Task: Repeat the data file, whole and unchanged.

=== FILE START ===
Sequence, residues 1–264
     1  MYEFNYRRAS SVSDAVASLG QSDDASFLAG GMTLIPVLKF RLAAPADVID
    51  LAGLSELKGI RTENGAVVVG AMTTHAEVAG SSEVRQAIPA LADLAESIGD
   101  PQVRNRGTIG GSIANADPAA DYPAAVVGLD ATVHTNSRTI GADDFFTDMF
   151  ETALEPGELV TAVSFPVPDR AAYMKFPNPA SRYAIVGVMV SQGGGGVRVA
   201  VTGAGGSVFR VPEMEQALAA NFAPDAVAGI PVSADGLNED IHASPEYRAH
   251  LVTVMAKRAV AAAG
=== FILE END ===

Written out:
Sequence, residues 1–264
     1  MYEFNYRRAS SVSDAVASLG QSDDASFLAG GMTLIPVLKF RLAAPADVID
    51  LAGLSELKGI RTENGAVVVG AMTTHAEVAG SSEVRQAIPA LADLAESIGD
   101  PQVRNRGTIG GSIANADPAA DYPAAVVGLD ATVHTNSRTI GADDFFTDMF
   151  ETALEPGELV TAVSFPVPDR AAYMKFPNPA SRYAIVGVMV SQGGGGVRVA
   201  VTGAGGSVFR VPEMEQALAA NFAPDAVAGI PVSADGLNED IHASPEYRAH
   251  LVTVMAKRAV AAAG